The Australian police on Friday arrested five teenagers in connection with the recent spate of attacks on Indian students in Melbourne, and charged one of them with attempted murder.
A 17-year-old boy was charged with attempted murder after four Indian students, including Sravan Kumar, were brutally attacked by gatecrashers at a party in Melbourne on Saturday night, according to the police.
Kumar, 25, who was attacked with a screwdriver at the party, continued to remain critical and is still on life support.
Another 18-year-old was questioned in relation to the attack but has since been released.
The police also charged four minors in another case involving the brutal beating up of a 21-year-old Indian student, while he was on his way back home, on May 9.
The teenage boys are due to be produced before a juvenile court later today.
They have been charged with offences including affray, intentionally causing injury, recklessly causing injury and robbery, the police said in a statement.
Kumar's close friend Srinivas Korna, who is keeping a vigil at his hospital bedside, said he was still under intensive care but has started receiving utmost attention after media outrage over the attacks.
Korna said a special doctor has been assigned for Kumar.
Indian High Commissioner Sujatha Singh visited Kumar and was also scheduled to meet two other injured students in Melbourne and Canberra. She assured that Kumar's medical bills will be completely covered despite his lapsed insurance.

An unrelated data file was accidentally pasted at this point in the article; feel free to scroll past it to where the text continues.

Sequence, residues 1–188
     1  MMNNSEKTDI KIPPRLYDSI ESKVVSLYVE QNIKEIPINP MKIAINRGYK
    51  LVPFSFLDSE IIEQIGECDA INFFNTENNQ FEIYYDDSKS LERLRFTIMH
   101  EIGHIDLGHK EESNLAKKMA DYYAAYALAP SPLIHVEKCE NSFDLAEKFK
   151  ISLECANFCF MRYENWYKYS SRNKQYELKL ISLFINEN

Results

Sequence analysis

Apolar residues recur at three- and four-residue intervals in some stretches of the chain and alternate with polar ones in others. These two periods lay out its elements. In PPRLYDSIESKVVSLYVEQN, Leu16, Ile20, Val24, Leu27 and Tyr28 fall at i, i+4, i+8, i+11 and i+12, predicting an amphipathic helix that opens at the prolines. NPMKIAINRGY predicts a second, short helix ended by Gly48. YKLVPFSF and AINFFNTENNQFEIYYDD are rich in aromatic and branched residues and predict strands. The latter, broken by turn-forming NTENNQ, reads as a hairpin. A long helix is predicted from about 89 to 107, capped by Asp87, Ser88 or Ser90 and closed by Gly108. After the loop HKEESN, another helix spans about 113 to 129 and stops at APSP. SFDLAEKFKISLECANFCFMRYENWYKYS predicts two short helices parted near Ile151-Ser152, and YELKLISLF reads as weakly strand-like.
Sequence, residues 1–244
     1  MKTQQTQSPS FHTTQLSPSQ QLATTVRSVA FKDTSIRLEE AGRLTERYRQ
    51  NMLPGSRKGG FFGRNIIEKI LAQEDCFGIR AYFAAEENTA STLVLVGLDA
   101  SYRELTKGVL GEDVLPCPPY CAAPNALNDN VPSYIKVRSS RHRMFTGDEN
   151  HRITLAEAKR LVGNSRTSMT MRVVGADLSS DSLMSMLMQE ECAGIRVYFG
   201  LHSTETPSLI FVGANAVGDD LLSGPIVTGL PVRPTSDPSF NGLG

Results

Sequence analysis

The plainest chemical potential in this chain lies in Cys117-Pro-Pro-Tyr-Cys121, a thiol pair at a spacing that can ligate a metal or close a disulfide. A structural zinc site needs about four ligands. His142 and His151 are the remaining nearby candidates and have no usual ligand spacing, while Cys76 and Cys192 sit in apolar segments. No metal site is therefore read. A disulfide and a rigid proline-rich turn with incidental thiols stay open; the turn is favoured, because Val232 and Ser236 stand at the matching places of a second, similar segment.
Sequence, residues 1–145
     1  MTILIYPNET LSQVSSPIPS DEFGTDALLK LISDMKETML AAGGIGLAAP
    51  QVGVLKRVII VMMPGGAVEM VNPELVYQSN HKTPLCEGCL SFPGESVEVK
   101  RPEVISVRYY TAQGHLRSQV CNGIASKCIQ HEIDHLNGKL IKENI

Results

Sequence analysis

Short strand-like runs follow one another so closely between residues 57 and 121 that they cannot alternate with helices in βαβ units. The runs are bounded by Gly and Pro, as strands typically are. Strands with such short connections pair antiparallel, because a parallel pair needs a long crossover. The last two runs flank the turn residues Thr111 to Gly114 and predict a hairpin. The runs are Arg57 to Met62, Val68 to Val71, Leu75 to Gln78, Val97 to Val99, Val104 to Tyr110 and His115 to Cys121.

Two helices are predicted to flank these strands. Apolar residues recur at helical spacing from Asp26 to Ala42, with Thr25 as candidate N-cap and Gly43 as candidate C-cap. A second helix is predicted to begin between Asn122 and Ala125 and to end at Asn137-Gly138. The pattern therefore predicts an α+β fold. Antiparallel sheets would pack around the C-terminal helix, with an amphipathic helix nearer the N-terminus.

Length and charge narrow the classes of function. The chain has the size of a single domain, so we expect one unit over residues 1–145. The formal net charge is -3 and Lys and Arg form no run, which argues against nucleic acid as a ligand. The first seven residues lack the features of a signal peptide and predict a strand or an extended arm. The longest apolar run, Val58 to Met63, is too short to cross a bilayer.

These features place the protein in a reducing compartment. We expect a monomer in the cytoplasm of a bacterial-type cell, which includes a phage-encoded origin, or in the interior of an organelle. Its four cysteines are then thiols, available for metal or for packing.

Singh said the Indian High Commission was all set to launch a section on its website listing 'do's and dont's' for aspiring students who wish to migrate to Australia for studies. She also asked the Indian student community to report any such incidents, however minor it may be, to the Consulates or the High Commission.
She said the Victorian government has listed measures to ensure safety, including increased police patrolling near railway stations especially late in the night, increasing the number of policemen in plain clothes. Singh also said she would be keeping a close watch on the police response to the issue, urging students, who were dissatisfied with the investigations, to contact her.
Meanwhile, opposition leader Ted Baillieu blamed the government for neglecting the issue for a long time, prompting the government to defend its handling of the attack.
"We've been raising these concerns for nearly three years and the problems got worse, not better. Scores of students have been attacked," Baillieu said.
Reacting to the statement, a spokesman for the Ministry for Skills and Workforce Participation that looks after international students, said Baillieu was "choosing to make political capital out of something he has not sought to research or understand".
"Attacks on anyone, including Indian and other international students, will not be tolerated and the full force of the law will come down on those ignorant thugs who think this acceptable behaviour," the spokesman said.
"We take this matter very seriously and far from ignoring the issue; we have already put in place strong measures to safeguard international students' welfare and the experience of living and studying in Victoria," he said.
He said the government will work with the police and the Indian community to ensure 'we remain a first choice destination" for students.
The state police continued to refute allegations that attacks on Indian students were racially motivated.
Deputy commissioner Kieran Walshe said there was no indication that a sharp rise in assaults and robberies against Indian students in Melbourne were a result of racial hatred.